Pallack’s toolkit provides readings, data and other resources for journalists about covering solar energy, energy policy and energy justice; unpacks common misconceptions about solar; provides ideas for how to engage local audiences with energy issues that might initially seem intimidatingly technical; identifies places to find experts to interview or consult with on stories; and more.

“Covering the climate is a collaboration organization of beat reporters who are trying to learn from one another,” Pallack said. “Instead of 50 journalists covering the same story, how can 50 journalists work together to cover bigger, better stories? Let’s bring some people together and see what happens.”

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Erika Perea

Erika Perea: Fun middle school activities

Perea is a volunteer with the Arizona Association for Environmental Education, advocating for environmental literacy. She currently teaches sixth grade in Mesa and is pursuing her master’s degree in elementary education at ASU.

Understanding sustainability can be a daunting proposition, especially for middle school students. That’s why Perea decided to go the fun route. She has created four activities to stimulate interest while creating an air of excitement.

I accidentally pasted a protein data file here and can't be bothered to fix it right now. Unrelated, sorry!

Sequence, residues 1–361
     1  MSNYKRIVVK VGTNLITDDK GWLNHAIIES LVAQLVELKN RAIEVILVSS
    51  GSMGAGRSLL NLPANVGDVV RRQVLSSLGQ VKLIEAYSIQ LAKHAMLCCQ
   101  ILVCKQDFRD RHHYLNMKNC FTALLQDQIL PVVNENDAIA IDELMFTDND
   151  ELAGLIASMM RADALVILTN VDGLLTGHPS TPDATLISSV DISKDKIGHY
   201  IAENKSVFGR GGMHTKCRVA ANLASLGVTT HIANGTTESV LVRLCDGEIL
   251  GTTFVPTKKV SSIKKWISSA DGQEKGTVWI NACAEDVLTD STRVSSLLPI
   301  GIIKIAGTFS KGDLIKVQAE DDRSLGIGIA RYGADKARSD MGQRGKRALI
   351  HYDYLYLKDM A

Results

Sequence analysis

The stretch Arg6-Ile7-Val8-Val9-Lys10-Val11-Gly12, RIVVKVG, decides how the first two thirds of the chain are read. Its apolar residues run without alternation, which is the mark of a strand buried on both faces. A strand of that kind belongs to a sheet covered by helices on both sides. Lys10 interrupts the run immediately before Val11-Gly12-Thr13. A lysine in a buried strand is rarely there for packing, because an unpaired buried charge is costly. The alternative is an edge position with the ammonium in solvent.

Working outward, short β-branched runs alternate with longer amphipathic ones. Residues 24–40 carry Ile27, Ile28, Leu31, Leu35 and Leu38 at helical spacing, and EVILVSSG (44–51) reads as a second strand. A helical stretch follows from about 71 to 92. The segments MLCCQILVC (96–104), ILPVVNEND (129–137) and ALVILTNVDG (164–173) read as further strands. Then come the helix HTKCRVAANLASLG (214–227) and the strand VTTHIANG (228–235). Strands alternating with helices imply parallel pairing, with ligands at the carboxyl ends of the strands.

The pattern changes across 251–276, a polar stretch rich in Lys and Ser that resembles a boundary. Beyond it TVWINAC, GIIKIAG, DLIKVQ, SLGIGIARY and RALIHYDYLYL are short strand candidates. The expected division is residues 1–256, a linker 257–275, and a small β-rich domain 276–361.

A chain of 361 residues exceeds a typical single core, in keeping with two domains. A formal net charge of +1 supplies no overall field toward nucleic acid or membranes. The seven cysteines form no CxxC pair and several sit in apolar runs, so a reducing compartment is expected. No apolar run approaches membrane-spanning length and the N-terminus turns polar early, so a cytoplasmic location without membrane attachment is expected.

The activities include conversation cards, a trivia game, story building blocks and a template for students to create their own zine — a mini-magazine where learners can share their feelings and insights about solar energy, futures thinking and engineering, based on teachings from "The Weight of Light" and "Cities of Light." The activities are designed both for classrooms and for use in informal learning settings, ranging from after-school programs and museums to at home around the kitchen table. 

“These lessons can assess student background knowledge and engage them, then expose them to new vocabularies and ideas inspired by 'The Weight of Light' and 'Cities of Light,'” Perea said. “At the same time, they can reflect on what solar looks like in their own communities and what it means to be an advocate.”

Perea said by engaging in these activities, these students will not only learn about solar futures but improve their reading, analyzing, inference and solutions skills.

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Anthony Wallace

Anthony Wallace: Podcast episode for lifelong learners